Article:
Although in recent years it has spread to other islands, the guachinches are originally from the north of Tenerife. They are family-run places where home-produced wine and some dishes of the local gastronomy are sold.
The important thing is the wine
The really important thing in the guachinches is the wine. In fact, these were born out of the need to provide an outlet for the wine produced by families in the north of the island. For this purpose, a special opening permit is granted for the sale of artisan-produced wine and some food dishes to accompany it.
That is why the authentic guachinches open only during certain months of the year, when the wine runs out, they close and reopen the following year.
The guachinche experience
Although the important thing is the wine, the complete experience is to get to them and enjoy the peculiar environments in which they are located. Many of them are the lower parts of private homes or farms. The tables and chairs are recycled, so you can sit on a bench made of boards and blocks and an old industrial cable reel as a table.
Don’t expect the treatment of a restaurant, this does not mean that the treatment is bad, on the contrary. It is close, familiar and one of the best contacts you can have with the local culture and gastronomy.
The “guachinche” fashion
In recent years there has been a proliferation of restaurants that use the name “guachinche” but are not really restaurants. They are actually restaurants or grills that serve typical food of the island, but they are not guachinche. So if you find a place that looks like a restaurant that uses the name guachinche but looks like a restaurant, it is not a guachinche.
Keys to differentiate between a guachinche from a restaurant
Wine: the wine is local or at least from the area. The guachinches are usually signposted with handmade signs on which you can read “Wine for sale” and arrows as directions.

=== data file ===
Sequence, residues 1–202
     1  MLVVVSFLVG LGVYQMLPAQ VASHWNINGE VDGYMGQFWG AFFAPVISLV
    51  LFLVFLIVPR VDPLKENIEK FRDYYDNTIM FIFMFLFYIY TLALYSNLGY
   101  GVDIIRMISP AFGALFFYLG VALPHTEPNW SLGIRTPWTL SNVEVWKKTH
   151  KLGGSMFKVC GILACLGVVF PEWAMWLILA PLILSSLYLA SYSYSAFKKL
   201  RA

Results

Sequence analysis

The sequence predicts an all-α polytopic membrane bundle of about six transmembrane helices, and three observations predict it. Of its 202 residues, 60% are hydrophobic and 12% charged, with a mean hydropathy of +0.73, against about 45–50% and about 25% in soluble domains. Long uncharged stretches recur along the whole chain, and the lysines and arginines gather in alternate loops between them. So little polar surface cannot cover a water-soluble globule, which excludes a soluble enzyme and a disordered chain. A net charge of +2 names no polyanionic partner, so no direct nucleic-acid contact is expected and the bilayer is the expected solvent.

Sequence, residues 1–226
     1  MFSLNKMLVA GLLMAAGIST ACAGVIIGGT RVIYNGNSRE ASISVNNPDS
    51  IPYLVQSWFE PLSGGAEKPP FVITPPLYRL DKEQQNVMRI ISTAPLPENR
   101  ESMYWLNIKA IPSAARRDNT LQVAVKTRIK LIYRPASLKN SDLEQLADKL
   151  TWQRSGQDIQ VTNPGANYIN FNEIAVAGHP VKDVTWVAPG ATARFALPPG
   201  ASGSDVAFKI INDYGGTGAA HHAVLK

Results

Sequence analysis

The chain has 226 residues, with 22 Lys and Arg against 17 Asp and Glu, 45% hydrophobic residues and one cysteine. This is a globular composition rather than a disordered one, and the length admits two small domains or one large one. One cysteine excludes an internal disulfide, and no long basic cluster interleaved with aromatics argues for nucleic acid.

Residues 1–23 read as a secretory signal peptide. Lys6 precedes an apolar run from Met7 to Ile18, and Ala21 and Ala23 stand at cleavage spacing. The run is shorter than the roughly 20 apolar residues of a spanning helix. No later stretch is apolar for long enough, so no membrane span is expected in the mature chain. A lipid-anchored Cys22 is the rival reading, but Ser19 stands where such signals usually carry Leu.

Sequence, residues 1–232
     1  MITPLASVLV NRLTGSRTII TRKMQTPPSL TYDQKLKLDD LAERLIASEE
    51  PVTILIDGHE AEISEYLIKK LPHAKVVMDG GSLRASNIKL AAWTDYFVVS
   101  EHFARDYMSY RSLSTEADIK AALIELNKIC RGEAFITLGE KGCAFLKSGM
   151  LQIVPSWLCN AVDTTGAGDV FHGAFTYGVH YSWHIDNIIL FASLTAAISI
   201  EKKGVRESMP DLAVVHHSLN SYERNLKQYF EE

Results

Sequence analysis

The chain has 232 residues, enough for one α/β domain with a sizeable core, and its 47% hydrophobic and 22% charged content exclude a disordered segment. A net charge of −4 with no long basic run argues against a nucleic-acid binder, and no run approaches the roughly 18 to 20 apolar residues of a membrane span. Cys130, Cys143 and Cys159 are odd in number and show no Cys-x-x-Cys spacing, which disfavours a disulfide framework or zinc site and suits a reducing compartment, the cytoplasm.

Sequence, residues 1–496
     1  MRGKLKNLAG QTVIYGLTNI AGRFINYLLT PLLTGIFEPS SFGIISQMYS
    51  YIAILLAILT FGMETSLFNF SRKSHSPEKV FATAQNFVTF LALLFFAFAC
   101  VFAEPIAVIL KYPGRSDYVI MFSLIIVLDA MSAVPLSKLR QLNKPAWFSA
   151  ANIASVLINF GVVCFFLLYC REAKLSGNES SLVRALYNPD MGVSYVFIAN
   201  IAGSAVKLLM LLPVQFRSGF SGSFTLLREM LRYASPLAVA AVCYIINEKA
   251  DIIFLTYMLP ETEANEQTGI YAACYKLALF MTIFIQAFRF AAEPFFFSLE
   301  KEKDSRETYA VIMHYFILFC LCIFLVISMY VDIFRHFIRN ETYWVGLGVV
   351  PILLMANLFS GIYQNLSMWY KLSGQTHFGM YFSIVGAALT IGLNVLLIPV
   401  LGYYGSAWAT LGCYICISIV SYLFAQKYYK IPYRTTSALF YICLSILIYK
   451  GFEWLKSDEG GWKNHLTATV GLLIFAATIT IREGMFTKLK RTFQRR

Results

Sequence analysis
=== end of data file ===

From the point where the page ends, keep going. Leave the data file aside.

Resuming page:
The glass: in the guachinches they will never give you a glass for the wine. It is rather a small glass that is also often used for coffee.
Drinks and dessert: In addition to wine, the authentic guachinche can only sell water and at most 7-up. You won’t find desserts either, as this is not allowed due to the type of activity.
Plates: They usually have few plates available, no more than 6. In fact, there are some that specialize in specific dishes, such as salted fish or jareas.
Location: The real ones are in garages, vegetable gardens, old cellars or areas fitted out with reeds or other recycled materials. Sometimes it is not easy to reach them if you do not know their exact location.
Although the dishes vary, we recommend some dishes that are common to find and that will surely not leave you indifferent:
Salted fish: salted boiled fish served with mojos or with oil and green pepper. Usually accompanied by wrinkled potatoes.
Carne fiesta: fried or sautéed pork with adobo or garlic and served with french fries and lemon.
Ropa vieja: chickpea stew with sofrito, beef and chicken. It is served with french fries, although they can also be integrated in the dish. In some places it is slightly spicy.
Jareas: it is not so common to find them but if you have the opportunity to try them, do not hesitate. It is fish that has been previously salted and dried and then grilled. It is served with mojo and wrinkled potatoes.
Escaldón: gofio mixed with broth and served with mojo, cheese and red or white onion. The broth depends on the place, but it is usually vegetable broth and white meat or pork rinds are added.
Pineapple stew: Although it may not seem like it is a summer dish, but we extend it all year round because it is delicious! It is chicken, salted pork ribs, onion and pineapple millo (corn on the cob) stew. It is accompanied by stewed potatoes and green mojo or coriander mojo. It is undoubtedly one of the
of Tenerife’s gastronomy.
If you visit the island and want to visit one of these native guachinches you have to go to the north of Tenerife, specifically to La Matanza, La Victoria, Santa Ursula or La Orotava, these are the municipalities where the guachinches originate. You can always count on the locals to advise you on their favorite.
If you can’t visit one of the real ones because of dates, you can go to other restaurants where they also serve local wine and typical food that is also very good, so you have an excuse to return to the island.